Microsoft has sent business customers an invite to an event that promises a look at the next version of the Windows operating system, as well as future directions for the platform. The event is slated for Sept. 30 in San Francisco.

It’s expected that Windows 9, which Microsoft is developing under the code name “Threshold,” will employ a common kernel designed to run across all computing platforms—from smartphones and tablets to laptops and workstations.

Some details of the OS have already emerged. A video leaked by a German website indicates that Windows 9 includes several features that could make it easier to use than the current Windows 8.

The video, posted by German tech site WinFuture, shows that Windows 9 will once again have the Start menu, a popular feature that Microsoft removed from Windows 8 in favor of its Modern UI touch-centric interface. Many users complained that Modern UI, first introduced by Microsoft as the Metro interface, is too difficult to use on non-touch PCs that require navigation through a mouse and keyboard.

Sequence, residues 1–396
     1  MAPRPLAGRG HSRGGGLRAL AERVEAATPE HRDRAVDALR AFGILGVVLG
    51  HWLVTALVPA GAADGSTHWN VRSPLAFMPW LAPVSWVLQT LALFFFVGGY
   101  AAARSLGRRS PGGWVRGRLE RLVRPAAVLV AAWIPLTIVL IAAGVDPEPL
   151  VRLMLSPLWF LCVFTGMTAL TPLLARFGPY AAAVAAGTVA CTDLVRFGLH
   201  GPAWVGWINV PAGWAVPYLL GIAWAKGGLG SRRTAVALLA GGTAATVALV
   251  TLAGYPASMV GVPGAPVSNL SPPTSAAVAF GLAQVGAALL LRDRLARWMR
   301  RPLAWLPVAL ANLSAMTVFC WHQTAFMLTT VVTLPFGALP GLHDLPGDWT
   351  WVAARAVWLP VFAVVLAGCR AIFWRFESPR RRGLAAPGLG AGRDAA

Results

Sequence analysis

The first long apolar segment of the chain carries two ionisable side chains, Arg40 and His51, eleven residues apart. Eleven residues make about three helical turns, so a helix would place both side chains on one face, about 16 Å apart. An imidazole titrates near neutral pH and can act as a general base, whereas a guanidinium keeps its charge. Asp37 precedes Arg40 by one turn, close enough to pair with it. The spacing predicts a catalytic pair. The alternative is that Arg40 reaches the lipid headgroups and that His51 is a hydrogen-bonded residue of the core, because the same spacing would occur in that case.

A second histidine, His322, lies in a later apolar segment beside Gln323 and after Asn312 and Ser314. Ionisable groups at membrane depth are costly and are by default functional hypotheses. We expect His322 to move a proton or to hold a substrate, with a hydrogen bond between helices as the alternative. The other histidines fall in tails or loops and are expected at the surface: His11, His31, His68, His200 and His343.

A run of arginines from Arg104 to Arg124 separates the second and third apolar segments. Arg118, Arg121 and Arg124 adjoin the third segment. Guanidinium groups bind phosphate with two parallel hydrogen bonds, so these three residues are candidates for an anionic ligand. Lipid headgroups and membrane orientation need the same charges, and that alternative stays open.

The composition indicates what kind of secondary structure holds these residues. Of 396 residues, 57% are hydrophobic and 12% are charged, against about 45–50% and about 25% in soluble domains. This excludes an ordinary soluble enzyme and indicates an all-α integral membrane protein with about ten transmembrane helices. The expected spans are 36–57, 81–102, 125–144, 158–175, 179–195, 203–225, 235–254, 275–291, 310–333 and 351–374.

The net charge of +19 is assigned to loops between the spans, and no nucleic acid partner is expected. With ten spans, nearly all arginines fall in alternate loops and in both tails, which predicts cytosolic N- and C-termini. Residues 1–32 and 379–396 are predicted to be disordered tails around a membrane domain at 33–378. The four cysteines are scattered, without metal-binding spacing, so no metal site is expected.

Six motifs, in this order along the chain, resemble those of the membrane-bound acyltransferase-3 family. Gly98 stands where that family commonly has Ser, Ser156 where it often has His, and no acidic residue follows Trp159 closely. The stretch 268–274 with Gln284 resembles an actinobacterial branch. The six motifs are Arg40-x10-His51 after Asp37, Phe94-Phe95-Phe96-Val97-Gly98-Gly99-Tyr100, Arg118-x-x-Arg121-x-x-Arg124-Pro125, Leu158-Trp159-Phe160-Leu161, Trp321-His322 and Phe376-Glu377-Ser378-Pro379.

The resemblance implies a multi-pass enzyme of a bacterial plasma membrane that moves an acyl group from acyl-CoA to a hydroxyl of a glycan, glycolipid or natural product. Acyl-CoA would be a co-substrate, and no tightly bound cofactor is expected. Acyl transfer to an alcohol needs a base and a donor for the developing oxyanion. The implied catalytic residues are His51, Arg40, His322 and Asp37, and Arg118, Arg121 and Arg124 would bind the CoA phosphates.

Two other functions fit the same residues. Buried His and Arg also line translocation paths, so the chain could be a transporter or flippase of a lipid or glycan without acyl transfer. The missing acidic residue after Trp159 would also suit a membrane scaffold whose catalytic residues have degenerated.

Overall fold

Windows 9, according to the video, also lets users boot straight to the classic Windows desktop, bypassing Modern UI if they wish. Microsoft has not confirmed the video’s authenticity. The operating system also lets users create and run multiple virtual desktops. It’s a feature that has been available on Apple’s Mac OS X and Linux machines.

The video further indicates Microsoft will add its Cortana personal assistant to Windows 9. Currently available only on Windows Phone, Cortana is similar in function to Apple’s Siri. Cortana can help users with a range of tasks—from finding a restaurant to travel directions.

Threshold, according to reports, will also contain features that automatically turn on or off depending on the host device. For example, a phone version would not provide access to Microsoft’s traditional desktop, while a SKU meant for PC users would bypass the Metro interface and boot straight to the desktop.

Windows 7 is currently Microsoft’s most widely used PC operating system, with a marketshare of 51.2 percent, according to NetMarketShare. Windows XP’s share checks in at 24.8 percent, while Windows 8/8.1 holds a share of 12.5 percent.